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1519

Abstract

Purpose

The purpose of this paper is to examine the accounting education systems in three countries – Australia, Japan and Sri Lanka – to inform the development and testing (by application) of a Global Model of Accounting Education.

Design/methodology/approach

An action research methodology is applied with a case study and model development approach.

Findings

The case studies reveal variations in accounting education systems, which exist across the three countries examined in this research. Key differences (some significant and others nuanced) were found between accounting education systems and include: entry requirements to professional programs; accreditation processes; and benchmark discipline standards. These differences are provided for in the questions that underpin the model developed and applied as a key part of the research.

Practical implications

This model is presented as a tool to assist interested parties in any country to take initial steps to identify their own unique system of accounting education. It may also be of particular use in those countries in the early stages of developing an accounting education system. This understanding of accounting education systems enhances the opportunity for global convergence of accounting education.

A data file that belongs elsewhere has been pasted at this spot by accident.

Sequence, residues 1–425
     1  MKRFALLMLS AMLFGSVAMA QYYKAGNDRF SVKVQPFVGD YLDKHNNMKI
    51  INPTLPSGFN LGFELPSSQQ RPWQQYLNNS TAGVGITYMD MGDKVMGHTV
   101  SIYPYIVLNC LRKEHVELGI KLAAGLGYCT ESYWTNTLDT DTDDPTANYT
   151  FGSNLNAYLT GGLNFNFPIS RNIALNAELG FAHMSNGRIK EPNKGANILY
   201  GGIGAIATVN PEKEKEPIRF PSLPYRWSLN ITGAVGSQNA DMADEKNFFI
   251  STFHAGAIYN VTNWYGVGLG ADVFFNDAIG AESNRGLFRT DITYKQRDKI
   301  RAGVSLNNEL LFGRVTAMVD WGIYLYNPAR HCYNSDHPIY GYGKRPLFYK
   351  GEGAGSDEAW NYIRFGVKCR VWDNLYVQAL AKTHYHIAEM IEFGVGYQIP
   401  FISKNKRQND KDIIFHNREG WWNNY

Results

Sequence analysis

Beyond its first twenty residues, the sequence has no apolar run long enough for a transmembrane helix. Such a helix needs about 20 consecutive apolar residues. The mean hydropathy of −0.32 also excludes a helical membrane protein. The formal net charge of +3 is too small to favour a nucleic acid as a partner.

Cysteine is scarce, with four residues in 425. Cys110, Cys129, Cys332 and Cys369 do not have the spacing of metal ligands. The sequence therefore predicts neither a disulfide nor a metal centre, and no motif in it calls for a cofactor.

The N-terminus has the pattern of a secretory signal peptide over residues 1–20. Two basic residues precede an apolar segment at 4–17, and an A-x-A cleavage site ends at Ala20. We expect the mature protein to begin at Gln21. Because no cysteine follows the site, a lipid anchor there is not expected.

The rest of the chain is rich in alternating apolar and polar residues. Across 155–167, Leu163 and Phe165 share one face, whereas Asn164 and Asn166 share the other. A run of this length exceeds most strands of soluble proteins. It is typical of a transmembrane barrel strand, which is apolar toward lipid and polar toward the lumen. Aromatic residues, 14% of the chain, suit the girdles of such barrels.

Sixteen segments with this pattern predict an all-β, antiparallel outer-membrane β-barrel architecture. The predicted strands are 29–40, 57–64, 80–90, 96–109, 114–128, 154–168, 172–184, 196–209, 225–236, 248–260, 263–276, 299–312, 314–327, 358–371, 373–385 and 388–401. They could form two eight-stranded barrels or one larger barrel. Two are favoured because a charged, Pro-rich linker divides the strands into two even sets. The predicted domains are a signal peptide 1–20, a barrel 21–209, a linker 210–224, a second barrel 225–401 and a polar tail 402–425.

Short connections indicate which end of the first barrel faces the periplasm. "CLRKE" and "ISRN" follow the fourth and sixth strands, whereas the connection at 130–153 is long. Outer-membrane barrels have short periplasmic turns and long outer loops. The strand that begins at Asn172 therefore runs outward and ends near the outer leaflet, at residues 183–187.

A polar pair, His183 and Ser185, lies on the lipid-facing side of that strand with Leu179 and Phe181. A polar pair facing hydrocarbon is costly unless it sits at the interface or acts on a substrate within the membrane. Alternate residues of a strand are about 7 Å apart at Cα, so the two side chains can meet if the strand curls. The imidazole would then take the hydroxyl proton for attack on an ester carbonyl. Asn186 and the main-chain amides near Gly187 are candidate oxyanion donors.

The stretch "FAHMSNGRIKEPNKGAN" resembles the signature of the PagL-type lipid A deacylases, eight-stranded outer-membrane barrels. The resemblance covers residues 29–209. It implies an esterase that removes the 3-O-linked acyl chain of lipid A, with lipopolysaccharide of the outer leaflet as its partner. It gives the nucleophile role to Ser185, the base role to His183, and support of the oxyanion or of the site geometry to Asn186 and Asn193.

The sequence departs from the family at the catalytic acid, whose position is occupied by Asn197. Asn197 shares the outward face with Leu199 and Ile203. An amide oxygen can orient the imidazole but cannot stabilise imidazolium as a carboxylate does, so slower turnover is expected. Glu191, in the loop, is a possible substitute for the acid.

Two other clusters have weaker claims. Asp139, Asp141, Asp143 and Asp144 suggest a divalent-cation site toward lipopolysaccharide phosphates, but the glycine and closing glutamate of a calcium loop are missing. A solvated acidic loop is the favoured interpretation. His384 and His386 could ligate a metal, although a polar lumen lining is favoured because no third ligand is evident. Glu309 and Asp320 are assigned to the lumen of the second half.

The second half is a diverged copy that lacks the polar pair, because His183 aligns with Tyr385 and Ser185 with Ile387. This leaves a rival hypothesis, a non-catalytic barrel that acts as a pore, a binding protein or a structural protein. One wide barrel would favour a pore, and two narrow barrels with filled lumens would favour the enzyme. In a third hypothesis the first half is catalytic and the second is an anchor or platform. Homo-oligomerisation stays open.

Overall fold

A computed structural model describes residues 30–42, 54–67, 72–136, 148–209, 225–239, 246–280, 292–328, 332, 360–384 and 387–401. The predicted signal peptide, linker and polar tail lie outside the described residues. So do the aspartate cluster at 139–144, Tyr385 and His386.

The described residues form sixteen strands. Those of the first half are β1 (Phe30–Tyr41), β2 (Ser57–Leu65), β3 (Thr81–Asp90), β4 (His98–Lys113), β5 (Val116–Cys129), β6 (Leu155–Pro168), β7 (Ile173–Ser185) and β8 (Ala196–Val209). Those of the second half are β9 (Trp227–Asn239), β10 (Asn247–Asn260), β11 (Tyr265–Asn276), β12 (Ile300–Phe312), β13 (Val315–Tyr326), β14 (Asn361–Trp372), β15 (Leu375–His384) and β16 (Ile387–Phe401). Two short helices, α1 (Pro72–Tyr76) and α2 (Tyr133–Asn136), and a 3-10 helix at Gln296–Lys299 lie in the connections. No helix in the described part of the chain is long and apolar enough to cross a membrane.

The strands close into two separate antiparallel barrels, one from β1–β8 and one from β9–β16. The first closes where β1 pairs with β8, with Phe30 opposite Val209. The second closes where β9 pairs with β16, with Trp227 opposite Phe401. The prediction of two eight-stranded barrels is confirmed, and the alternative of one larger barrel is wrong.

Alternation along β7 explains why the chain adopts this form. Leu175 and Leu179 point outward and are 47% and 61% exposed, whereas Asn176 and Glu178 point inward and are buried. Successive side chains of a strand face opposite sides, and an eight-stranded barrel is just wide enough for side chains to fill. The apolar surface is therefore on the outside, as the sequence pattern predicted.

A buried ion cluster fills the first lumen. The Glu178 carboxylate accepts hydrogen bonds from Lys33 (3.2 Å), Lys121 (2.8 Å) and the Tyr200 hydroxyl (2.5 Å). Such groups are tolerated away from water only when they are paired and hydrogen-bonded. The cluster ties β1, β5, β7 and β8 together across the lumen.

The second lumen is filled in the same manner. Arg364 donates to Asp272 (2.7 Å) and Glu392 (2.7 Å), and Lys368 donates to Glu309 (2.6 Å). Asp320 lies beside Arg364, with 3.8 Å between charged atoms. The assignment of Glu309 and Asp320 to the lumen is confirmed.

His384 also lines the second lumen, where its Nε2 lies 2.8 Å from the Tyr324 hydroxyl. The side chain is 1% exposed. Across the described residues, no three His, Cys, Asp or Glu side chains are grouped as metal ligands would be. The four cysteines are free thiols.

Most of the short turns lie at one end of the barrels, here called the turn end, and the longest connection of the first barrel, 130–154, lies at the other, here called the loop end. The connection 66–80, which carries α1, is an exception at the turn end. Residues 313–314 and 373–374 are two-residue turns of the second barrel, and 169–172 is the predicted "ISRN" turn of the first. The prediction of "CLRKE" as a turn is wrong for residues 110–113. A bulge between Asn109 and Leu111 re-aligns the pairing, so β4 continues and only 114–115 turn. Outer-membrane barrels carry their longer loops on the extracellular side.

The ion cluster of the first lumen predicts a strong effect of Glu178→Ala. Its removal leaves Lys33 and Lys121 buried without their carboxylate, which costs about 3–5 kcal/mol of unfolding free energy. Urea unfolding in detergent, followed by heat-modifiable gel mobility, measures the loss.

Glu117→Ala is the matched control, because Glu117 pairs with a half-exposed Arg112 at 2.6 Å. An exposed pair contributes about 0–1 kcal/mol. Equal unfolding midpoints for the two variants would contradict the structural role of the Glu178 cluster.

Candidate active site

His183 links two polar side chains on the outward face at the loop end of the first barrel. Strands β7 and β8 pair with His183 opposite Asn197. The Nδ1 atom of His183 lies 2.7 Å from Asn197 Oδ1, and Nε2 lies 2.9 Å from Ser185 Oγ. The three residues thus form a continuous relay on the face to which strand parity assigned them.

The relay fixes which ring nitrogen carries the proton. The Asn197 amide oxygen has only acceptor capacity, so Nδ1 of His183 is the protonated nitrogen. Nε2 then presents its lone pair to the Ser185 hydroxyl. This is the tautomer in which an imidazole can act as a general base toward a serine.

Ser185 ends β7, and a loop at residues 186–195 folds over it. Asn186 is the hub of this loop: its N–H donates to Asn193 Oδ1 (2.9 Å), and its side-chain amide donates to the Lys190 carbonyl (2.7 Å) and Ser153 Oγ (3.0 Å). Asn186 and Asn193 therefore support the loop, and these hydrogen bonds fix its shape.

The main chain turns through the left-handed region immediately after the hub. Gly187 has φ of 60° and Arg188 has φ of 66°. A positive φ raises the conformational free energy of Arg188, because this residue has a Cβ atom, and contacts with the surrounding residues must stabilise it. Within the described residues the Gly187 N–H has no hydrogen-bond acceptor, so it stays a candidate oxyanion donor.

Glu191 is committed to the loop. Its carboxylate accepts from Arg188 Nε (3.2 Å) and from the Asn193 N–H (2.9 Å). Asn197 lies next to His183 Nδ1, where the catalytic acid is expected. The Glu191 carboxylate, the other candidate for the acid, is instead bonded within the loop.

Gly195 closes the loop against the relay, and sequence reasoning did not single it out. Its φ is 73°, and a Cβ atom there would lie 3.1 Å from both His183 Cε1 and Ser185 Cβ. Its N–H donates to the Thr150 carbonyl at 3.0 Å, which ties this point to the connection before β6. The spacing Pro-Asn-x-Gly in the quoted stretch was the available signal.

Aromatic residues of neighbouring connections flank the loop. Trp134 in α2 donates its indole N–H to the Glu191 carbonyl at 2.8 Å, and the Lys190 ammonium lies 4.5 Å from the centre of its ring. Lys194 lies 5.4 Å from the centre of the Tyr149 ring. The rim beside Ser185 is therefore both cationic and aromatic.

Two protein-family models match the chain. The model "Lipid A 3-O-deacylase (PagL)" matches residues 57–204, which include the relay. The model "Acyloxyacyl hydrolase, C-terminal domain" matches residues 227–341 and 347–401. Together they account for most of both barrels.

Originality/value

The model, informed by the case studies, is an original contribution to the literature and discussions around global convergence in accounting education. The model is designed for practical application and the value is that it provides an important starting point for considering issues of importance in the development of a system of accounting education, and/or, better understanding the similarities and differences across existing systems.

Details

Accounting Research Journal, vol. 27 no. 3
Type: Research Article
ISSN: 1030-9616

Keywords

Content available
Article
Publication date: 28 October 2014

Ellie Chapple

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391

Abstract

Details

Accounting Research Journal, vol. 27 no. 3
Type: Research Article
ISSN: 1030-9616